Life history analysis of HIV/AIDS-affected households in rice and cassava-based farming communities in Northern Malawi

M. Yajima, A. van Huis, J.L.S. Jiggins

Research output: Contribution to journalArticleAcademicpeer-review

5 Citations (Scopus)

Abstract

The “New Variant Famine” hypothesis proposed that AIDS offers a major challenge to food security in this part of Africa by impairing the functioning of traditional support systems, leading to the collapse of “social immunity”. This study explores the changing perceptions of HIV and AIDS and peoples' responses to its impact by eliciting life history narratives of 30 respondents in Northern Malawi. We classified respondents by means of gender, livelihood systems and AIDS impact levels. Respondents reported a range of critical events, recorded in the life histories, that threatened their “social immunity”, including deaths, sicknesses, migration, marriages and divorces, and dropping out of school; i.e., a greater range of risks than AIDS alone, that need to be recognised in HIV and AIDS programming. For the respondents who were classified as “AIDS-affected”, learning about their seropositive status was found to be an important, and in some cases a positive, turning point in their lives in terms of behavioural changes, such as joining support groups and opening up to discussion of the implications of their status. The emerging social organisations could re-create social capacity and check the downward spiral proposed by the “New Variant Famine” hypothesis. To promote this shift and to confer a higher level of “social immunity”, investments in expanding access to voluntary counselling and testing and antiretroviral therapy services, and assistance to community-based organisations would be essential.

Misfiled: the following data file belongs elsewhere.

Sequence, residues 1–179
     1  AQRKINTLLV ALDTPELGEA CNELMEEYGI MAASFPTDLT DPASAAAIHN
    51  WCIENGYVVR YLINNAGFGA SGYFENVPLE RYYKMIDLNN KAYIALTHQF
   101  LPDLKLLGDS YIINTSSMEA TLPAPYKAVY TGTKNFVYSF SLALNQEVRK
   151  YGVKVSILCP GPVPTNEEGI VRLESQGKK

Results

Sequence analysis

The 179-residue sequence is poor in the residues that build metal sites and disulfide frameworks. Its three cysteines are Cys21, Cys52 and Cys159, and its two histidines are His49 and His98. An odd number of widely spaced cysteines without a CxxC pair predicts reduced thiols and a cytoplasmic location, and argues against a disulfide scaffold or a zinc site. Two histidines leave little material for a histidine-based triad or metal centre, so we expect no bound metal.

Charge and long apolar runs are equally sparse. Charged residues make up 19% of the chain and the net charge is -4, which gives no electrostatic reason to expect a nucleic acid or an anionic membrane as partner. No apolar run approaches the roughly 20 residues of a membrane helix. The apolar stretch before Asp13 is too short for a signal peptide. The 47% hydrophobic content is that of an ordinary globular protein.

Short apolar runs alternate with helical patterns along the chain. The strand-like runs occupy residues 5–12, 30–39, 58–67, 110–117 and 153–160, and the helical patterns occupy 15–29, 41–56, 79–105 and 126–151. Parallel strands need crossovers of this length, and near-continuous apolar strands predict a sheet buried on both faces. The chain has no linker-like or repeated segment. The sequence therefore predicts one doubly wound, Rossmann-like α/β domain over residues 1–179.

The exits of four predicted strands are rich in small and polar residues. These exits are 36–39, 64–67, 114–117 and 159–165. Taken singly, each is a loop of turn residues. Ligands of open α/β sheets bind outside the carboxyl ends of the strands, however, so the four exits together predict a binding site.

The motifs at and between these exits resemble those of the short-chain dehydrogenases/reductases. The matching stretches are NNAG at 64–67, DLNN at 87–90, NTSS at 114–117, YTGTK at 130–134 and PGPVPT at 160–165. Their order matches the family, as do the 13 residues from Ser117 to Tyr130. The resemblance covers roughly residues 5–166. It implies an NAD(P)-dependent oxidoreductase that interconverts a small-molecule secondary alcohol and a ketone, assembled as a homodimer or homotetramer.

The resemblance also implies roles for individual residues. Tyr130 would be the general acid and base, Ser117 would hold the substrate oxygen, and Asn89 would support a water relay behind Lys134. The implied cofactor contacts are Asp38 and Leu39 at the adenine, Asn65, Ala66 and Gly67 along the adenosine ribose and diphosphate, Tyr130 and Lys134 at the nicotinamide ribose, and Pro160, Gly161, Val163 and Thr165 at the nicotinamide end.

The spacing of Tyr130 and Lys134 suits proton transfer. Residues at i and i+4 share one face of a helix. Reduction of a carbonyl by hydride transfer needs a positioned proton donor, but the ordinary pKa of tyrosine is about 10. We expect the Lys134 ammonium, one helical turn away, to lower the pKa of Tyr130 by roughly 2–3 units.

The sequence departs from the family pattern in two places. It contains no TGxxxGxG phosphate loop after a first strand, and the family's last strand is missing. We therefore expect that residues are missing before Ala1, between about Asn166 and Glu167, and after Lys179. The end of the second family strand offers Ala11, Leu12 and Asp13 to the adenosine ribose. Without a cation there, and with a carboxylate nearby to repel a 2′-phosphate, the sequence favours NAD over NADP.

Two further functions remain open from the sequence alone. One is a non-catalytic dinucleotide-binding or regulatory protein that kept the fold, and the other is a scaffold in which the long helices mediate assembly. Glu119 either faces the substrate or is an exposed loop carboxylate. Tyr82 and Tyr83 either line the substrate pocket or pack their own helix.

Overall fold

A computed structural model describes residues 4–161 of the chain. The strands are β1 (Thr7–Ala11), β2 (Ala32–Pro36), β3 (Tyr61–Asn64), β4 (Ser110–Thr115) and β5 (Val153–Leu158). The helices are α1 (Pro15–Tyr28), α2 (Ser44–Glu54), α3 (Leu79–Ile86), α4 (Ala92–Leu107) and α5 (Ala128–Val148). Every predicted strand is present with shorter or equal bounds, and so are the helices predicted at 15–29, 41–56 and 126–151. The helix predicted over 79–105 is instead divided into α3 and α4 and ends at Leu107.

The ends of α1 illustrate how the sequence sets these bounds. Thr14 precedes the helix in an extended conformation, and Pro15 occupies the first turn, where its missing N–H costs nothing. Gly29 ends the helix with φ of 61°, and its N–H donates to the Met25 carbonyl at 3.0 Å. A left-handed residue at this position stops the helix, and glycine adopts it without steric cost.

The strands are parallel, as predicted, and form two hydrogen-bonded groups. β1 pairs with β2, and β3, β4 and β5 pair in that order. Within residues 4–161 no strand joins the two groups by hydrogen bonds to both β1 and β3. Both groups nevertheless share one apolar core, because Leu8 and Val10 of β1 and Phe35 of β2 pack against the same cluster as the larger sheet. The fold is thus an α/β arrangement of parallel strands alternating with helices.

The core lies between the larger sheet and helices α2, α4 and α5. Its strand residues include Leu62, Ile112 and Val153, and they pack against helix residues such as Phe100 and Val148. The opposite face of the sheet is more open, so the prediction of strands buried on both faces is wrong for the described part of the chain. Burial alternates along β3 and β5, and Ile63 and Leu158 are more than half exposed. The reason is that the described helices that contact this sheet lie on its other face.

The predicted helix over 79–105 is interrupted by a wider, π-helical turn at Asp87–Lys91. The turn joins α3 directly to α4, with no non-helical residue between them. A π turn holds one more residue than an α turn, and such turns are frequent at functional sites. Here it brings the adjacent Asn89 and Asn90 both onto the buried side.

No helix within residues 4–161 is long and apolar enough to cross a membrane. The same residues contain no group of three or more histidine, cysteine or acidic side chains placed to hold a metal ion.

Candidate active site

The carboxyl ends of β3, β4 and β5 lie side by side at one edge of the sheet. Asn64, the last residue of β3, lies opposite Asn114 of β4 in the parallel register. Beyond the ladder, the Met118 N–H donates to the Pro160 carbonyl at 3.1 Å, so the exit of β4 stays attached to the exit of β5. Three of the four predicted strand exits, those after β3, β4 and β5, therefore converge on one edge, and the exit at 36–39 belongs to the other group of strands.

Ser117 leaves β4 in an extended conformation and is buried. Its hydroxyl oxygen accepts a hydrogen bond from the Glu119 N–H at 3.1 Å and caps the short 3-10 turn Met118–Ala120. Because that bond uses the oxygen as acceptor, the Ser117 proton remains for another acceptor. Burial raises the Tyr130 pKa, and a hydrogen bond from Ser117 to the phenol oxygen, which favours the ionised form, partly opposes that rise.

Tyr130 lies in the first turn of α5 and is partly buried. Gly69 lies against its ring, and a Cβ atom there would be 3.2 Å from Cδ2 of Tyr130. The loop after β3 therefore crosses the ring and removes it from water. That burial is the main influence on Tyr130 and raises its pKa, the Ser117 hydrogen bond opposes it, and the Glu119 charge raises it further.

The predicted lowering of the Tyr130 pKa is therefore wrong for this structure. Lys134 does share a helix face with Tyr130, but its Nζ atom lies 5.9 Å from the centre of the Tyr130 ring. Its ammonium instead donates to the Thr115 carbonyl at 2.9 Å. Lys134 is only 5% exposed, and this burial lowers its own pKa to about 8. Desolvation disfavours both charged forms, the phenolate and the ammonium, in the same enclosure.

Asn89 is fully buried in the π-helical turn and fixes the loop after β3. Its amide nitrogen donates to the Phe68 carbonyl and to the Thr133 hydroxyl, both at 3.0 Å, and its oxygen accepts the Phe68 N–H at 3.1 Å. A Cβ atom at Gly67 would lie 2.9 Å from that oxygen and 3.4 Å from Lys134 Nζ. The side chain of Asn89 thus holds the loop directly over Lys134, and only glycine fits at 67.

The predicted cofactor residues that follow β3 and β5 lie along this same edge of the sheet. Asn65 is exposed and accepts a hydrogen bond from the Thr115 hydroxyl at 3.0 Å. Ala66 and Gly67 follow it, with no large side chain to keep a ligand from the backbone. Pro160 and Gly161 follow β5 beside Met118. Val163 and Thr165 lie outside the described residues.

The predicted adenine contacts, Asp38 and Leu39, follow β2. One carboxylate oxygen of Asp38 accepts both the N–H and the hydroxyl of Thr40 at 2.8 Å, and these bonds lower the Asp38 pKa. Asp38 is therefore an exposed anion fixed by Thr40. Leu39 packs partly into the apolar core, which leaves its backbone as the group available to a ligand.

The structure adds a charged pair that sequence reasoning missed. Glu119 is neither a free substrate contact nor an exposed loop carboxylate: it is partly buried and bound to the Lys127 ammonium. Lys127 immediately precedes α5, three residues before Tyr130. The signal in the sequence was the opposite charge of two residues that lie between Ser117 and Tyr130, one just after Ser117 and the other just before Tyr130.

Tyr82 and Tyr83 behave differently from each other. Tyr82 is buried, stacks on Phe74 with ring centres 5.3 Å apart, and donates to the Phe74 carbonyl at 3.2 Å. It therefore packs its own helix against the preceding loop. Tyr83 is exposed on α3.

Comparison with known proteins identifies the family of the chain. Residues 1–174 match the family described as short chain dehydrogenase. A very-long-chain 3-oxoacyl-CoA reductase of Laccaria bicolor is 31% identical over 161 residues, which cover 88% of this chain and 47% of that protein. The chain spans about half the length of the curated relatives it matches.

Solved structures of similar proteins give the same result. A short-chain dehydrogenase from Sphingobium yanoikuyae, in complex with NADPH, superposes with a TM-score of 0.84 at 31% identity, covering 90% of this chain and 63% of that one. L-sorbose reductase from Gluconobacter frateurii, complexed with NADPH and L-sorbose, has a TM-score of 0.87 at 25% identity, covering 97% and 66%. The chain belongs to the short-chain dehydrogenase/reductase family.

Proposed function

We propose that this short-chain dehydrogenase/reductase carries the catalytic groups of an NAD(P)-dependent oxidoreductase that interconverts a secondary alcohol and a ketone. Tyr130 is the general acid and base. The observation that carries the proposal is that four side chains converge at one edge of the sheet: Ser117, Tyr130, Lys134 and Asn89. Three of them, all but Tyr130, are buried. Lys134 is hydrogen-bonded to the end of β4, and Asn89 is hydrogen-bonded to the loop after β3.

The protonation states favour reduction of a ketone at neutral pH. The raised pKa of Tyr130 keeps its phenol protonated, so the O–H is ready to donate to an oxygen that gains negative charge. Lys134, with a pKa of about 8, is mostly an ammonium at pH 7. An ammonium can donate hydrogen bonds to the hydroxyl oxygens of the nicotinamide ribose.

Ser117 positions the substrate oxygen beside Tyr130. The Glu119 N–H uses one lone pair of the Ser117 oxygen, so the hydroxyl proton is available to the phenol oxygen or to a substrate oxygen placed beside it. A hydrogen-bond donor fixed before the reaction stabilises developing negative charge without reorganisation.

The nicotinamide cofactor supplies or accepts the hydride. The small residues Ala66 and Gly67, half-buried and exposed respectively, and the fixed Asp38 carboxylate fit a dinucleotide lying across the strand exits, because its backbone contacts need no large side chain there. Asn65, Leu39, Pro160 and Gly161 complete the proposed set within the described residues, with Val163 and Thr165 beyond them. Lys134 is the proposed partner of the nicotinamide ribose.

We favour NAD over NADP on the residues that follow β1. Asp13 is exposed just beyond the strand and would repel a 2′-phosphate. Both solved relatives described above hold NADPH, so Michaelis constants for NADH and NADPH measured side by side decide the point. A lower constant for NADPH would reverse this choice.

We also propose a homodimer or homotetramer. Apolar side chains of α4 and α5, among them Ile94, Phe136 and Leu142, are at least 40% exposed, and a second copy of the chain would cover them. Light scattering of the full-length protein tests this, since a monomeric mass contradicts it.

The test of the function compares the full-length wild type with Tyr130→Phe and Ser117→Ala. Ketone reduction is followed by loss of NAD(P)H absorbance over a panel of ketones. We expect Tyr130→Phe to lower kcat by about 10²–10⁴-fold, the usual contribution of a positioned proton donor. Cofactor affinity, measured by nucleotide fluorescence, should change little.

Original languageEnglish
Pages (from-to)1195-1203
JournalAIDS care : psychological and socio-medical aspects of AIDS/HIV
Volume22
Issue number10
DOIs
Publication statusPublished - 2010

Fingerprint

Malawi
Manihot
Agriculture
Acquired Immunodeficiency Syndrome
AIDS
HIV
immunity
community
Immunity
Starvation
dropping out of school
Organizations
Divorce
Food Supply
Self-Help Groups
Marriage
divorce
livelihood
Oryza
Counseling

Keywords

  • rural malawi
  • southern africa
  • food security
  • aids epidemic
  • scaling-up
  • prevention

Cite this

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abstract = "The “New Variant Famine” hypothesis proposed that AIDS offers a major challenge to food security in this part of Africa by impairing the functioning of traditional support systems, leading to the collapse of “social immunity”. This study explores the changing perceptions of HIV and AIDS and peoples' responses to its impact by eliciting life history narratives of 30 respondents in Northern Malawi. We classified respondents by means of gender, livelihood systems and AIDS impact levels. Respondents reported a range of critical events, recorded in the life histories, that threatened their “social immunity”, including deaths, sicknesses, migration, marriages and divorces, and dropping out of school; i.e., a greater range of risks than AIDS alone, that need to be recognised in HIV and AIDS programming. For the respondents who were classified as “AIDS-affected”, learning about their seropositive status was found to be an important, and in some cases a positive, turning point in their lives in terms of behavioural changes, such as joining support groups and opening up to discussion of the implications of their status. The emerging social organisations could re-create social capacity and check the downward spiral proposed by the “New Variant Famine” hypothesis. To promote this shift and to confer a higher level of “social immunity”, investments in expanding access to voluntary counselling and testing and antiretroviral therapy services, and assistance to community-based organisations would be essential.",
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Life history analysis of HIV/AIDS-affected households in rice and cassava-based farming communities in Northern Malawi. / Yajima, M.; van Huis, A.; Jiggins, J.L.S.

In: AIDS care : psychological and socio-medical aspects of AIDS/HIV, Vol. 22, No. 10, 2010, p. 1195-1203.

Research output: Contribution to journalArticleAcademicpeer-review

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